There was a time, not long ago, when people like us were swooning over an 8.0-liter V10 Dodge Viper running in the 12s, but an SUV? You've got to be kidding.
It's no accident that the 2010 BMW X5 M produces exactly 5 hp more than the 2009 Porsche Cayenne Turbo S, 52 hp more than a Mercedes-Benz ML63 AMG and 135 hp more than a Jeep Grand Cherokee SRT8 . Depending on which stats you choose for bench racing, the ML63 and Cayenne Turbo S collectively share the title of fastest/quickest SUV on the planet.
But that's over now. Unless Koenigsegg starts building 1,000-hp SUVs (and it could happen), you've got a new record-holder now, because the X5 M is the world's quickest and fastest SUV.
We've heard those who say that owning the fastest SUV is like being the skinniest contestant on TV's Biggest Loser. For the record, we think that's a terrible thing to say, and not at all fair to the X5 M.
The brilliant part is that the $86,225 X5 M is $40,000 less expensive than a $125,775 Cayenne Turbo S. True, a properly kitted (and even more expensive) Cayenne with variable ride height, skid plates, low-range gearing and decoupling antiroll bars would be able to leave the pavement-bound X5 M at the trailhead, but, really, who would ever take a Cayenne Turbo off-road — besides us ?
Still Not a Convert?
But drag strip performance only accounts for a fraction of why the X5 M is so remarkable. BMW has developed a new power-steering system for the X5 M with variable mapping that adapts effectively to both sporting occasions and parking lots. Unlike typical heavy-effort BMW steering (which appears to be on the road to extinction), the X5 M delivers unfettered feel and precision without syrupy heft and resistance.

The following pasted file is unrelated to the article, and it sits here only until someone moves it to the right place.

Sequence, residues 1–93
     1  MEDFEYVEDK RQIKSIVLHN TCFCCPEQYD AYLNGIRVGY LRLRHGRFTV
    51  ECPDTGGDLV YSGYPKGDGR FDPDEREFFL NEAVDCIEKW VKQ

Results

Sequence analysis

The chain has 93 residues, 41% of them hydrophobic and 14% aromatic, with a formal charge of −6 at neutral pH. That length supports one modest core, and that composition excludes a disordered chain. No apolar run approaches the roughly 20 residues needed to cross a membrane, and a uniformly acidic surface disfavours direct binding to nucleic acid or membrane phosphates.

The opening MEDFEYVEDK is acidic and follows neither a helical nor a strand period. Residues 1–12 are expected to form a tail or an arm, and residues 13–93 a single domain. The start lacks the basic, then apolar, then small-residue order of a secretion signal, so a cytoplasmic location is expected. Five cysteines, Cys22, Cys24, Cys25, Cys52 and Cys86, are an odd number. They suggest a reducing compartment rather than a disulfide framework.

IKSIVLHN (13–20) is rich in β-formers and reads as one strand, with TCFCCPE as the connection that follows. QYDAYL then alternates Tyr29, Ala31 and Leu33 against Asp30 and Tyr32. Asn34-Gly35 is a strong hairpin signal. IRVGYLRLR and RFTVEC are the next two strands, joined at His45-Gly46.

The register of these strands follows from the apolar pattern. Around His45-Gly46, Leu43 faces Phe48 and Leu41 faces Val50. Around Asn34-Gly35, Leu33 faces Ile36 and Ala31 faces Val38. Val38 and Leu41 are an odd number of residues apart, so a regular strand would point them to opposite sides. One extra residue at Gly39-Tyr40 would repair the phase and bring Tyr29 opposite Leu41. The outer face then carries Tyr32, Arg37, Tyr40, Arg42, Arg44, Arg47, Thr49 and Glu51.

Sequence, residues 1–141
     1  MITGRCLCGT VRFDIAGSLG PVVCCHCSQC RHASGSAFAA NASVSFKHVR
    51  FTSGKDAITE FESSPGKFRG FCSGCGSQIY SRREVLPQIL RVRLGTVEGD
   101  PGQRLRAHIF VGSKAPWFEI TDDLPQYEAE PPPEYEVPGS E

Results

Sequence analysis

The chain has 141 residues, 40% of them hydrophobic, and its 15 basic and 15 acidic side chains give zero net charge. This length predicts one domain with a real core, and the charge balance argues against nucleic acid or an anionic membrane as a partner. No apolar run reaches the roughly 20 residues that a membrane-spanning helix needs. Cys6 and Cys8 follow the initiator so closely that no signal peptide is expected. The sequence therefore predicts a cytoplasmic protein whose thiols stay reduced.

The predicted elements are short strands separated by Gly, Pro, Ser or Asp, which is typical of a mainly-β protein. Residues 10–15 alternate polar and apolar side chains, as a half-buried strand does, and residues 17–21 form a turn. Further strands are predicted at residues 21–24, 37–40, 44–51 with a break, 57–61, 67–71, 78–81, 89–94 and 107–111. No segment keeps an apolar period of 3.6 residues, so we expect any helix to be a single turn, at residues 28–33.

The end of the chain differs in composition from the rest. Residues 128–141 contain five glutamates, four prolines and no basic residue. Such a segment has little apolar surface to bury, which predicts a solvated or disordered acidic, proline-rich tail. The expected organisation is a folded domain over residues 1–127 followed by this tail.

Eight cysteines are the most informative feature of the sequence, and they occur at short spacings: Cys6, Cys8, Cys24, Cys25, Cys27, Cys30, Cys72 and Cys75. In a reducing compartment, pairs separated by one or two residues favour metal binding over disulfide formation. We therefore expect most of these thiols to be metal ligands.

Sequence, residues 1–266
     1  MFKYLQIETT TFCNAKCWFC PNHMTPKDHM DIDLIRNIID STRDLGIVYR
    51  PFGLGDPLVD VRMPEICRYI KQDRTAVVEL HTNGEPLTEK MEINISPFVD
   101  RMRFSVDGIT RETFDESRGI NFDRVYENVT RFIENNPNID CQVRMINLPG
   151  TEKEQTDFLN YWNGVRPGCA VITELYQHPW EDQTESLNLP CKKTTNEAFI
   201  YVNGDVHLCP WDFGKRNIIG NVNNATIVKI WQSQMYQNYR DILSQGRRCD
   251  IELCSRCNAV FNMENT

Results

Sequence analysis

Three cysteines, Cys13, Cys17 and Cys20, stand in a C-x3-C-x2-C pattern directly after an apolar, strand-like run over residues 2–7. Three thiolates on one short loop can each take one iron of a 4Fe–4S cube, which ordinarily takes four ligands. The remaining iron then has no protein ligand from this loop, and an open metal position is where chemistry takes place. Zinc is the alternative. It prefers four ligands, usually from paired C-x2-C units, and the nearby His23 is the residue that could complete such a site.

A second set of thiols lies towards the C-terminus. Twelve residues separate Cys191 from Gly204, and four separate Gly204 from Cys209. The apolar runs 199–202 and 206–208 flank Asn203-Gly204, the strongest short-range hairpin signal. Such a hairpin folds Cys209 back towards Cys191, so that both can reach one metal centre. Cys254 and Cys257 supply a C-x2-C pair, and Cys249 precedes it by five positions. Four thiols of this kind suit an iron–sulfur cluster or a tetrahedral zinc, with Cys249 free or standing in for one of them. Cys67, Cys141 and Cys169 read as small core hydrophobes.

Like the steering, the computer-controlled suspension (self-leveling in the rear) goes about its business largely unnoticed — that is, until you notice that the X5 M is not beating your internal organs to a foamy froth. Working in concert with several systems, the X5 M's multimode dampers and active antiroll bars react to changing road conditions thanks to a new high-speed FlexRay data transmission protocol, first used fully on the 2008 BMW 7 Series. In other words, the X5 M can humiliate most sports cars on a canyon road, grip our skid pad with 0.91g and keep a case of champagne from erupting in the cargo bay. That's a neat trick, especially considering the tires it wears are run-flats with short sidewalls pumped up to 38 psi.
Luckily, the X5 M's tires and brakes are as monstrously sized as its appetite for premium fuel (we validated the EPA's 14 mpg combined figure). Up front, the tires are 10.8 inches wide and the brake discs are 15.6 inches in diameter and clamped by four-piston fixed calipers. In the rear, the tires are 12.4 inches wide with 15.2-inch discs and two-piston sliding calipers. Stopping from 60 mph requires just 116 feet, which is, again, remarkable considering our vehicle's 5,332-pound as-tested weight.
With a large frontal area of 11.7 square feet and an untidy 0.38 drag coefficient, the X5 M didn't really surprise us in the slalom when its air turbulence actually blew the cones over. We were a little more surprised that its stability control system can't be disengaged, and the combination of so much speed and so much weight really gave the system's algorithms a workout. The best we could manage while keeping cones in their painted boxes was 63.5 mph. There were a couple unofficial 65-mph runs, but the cones wouldn't stay put.
The long list of standard features on the X5 M is nearly as long as the options list on a Cayenne Turbo S, notably: iDrive (the new one), navigation system, bi-xenon adaptive headlights, panoramic sunroof, 16-speaker premium audio and premium leather, among others.